1.5m – downloads for its 12 Guardian pods in December.
80-100,000 downloads of it’s Football Weekly pod a week [Proving that football and cricket analysis has a massive, global, audience – but we don’t need to tell The Times or Telegraph this].
15-20,000: MediaTalk downloads a week.
To put these figures in some kind of perspective BBC London, a local radio station, pulls in weekly audience of around 500,000 a week for its entire output.
Assuming the other Guardian pods not mentioned above are getting an average of around 10,000 downloads per week each, it appears its investment in pod studio technology is finally paying off and the service should become profitable soon.
But how easy is to generate revenue from podcasts? On paper, they have a lot going for them. If you look at the ludicrous way traditional radio figures are counted in the UK by Rajar [Rajar reissues listening figures], you can be far more precise with measurements. Evidence from Edison in the US suggests podcasts audiences are upmarket, I also feel podcast audiences really do listen.They’ve bothered to download the file after all. But whilst the market is expanding, it is still relatively small. Rajar estimated around 15-20% of those with MP3 players have downloaded podcasts, this is broadly matched by figures from the US.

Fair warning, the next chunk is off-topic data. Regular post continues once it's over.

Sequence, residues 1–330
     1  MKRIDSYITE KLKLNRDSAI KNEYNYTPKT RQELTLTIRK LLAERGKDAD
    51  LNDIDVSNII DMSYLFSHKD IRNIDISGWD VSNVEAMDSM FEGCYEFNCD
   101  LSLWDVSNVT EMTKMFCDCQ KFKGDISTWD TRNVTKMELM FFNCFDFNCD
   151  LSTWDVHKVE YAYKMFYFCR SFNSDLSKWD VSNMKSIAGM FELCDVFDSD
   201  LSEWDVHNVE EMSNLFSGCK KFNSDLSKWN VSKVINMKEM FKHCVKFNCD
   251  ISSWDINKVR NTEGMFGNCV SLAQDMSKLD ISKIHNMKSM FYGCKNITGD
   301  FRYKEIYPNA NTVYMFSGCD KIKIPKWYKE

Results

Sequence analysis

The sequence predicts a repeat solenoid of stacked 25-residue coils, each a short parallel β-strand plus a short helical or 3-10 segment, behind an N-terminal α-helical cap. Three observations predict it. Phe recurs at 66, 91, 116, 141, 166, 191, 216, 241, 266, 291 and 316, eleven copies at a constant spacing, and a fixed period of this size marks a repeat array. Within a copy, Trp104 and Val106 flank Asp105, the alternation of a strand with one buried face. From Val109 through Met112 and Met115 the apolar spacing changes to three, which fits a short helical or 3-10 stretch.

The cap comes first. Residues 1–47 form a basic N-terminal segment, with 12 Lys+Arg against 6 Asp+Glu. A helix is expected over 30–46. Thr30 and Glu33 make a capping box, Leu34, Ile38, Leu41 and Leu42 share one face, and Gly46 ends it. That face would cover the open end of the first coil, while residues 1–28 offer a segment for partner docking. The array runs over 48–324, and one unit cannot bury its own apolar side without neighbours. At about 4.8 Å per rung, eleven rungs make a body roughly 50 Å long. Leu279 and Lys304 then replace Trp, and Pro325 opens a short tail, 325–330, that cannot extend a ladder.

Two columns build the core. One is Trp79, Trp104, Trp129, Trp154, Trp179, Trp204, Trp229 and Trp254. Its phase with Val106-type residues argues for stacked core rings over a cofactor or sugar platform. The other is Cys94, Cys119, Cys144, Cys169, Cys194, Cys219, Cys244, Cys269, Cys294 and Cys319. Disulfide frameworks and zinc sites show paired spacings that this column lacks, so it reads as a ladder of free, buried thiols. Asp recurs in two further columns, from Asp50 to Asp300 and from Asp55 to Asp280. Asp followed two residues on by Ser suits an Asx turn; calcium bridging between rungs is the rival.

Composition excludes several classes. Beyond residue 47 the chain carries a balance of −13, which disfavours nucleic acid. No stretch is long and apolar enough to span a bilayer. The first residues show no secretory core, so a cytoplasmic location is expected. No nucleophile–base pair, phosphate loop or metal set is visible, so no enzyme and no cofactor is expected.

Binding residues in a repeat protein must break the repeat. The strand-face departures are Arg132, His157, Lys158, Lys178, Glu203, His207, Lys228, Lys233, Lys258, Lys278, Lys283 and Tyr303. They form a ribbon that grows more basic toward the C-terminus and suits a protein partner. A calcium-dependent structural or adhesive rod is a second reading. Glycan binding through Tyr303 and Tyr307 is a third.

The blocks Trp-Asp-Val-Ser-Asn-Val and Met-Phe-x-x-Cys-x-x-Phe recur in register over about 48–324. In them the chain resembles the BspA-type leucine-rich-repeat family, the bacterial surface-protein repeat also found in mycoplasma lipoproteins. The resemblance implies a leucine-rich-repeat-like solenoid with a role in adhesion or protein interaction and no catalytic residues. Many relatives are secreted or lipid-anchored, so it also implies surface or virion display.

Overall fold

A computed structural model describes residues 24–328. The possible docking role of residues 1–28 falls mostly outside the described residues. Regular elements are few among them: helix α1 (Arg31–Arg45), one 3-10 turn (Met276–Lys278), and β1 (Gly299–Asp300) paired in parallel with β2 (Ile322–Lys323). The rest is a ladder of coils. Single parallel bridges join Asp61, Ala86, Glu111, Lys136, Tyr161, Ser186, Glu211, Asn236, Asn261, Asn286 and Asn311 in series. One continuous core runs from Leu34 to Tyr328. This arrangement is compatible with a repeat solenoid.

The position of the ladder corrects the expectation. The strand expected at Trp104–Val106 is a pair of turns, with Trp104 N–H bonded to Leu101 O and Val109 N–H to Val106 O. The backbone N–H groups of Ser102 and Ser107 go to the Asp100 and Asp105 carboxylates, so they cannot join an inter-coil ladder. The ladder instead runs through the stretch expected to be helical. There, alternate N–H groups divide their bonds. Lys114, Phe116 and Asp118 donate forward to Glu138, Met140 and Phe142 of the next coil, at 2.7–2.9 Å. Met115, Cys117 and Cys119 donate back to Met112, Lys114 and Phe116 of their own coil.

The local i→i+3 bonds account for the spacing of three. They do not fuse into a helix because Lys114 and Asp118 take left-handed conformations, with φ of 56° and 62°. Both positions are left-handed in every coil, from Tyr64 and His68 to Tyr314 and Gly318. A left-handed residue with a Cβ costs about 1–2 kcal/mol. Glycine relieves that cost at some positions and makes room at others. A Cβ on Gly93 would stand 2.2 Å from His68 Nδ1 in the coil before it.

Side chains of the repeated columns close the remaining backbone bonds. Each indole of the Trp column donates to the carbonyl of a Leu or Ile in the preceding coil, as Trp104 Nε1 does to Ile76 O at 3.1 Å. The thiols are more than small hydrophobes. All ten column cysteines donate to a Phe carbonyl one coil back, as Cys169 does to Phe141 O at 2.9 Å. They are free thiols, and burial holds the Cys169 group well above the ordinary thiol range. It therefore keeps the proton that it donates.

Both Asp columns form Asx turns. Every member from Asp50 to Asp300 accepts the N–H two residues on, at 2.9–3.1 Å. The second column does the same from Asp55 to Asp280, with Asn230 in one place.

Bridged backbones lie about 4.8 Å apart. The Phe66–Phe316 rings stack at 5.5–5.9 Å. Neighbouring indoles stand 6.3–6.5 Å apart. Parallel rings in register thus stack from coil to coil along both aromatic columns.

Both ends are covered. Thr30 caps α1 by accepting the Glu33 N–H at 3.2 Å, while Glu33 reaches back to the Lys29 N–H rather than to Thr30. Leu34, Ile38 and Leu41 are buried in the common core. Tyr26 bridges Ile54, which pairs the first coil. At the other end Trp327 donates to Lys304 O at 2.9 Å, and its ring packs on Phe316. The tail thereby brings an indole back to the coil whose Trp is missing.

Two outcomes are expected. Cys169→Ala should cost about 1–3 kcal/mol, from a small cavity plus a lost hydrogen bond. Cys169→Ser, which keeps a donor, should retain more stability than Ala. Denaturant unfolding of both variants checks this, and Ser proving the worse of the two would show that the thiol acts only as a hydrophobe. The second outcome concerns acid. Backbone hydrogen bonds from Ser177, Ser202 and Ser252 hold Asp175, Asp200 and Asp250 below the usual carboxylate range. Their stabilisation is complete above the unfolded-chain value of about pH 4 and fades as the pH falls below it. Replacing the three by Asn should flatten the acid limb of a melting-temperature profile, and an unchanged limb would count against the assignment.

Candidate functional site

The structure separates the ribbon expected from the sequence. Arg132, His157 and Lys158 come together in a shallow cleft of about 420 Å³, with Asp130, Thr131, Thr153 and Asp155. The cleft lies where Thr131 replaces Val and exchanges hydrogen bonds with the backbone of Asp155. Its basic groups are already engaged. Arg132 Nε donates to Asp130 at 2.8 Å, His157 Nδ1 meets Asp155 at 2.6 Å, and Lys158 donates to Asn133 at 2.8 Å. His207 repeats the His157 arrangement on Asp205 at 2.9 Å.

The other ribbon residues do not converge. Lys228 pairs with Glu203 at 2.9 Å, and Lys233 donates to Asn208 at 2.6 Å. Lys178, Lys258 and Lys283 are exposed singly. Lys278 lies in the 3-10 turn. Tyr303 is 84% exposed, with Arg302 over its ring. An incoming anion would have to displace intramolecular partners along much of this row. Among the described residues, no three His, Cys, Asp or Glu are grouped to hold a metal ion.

But I’m not entirely sure how The Guardian plan to integrate the adverts into the broadcast. It has tried sponsorship before on the Media Talk pod, but I just fast forwarded through it.
It would be less annoying if sponsorship messages or adverts appeared on the screen of your iPod or Zen Micro, rather than having to listen to it.
But hopefully these stats will give a much needed boost to UK podcasts. It would be nice to see some successful independent and home produced pods coming through, as has happened in the US. But we need the big guys to prove a revenue model first.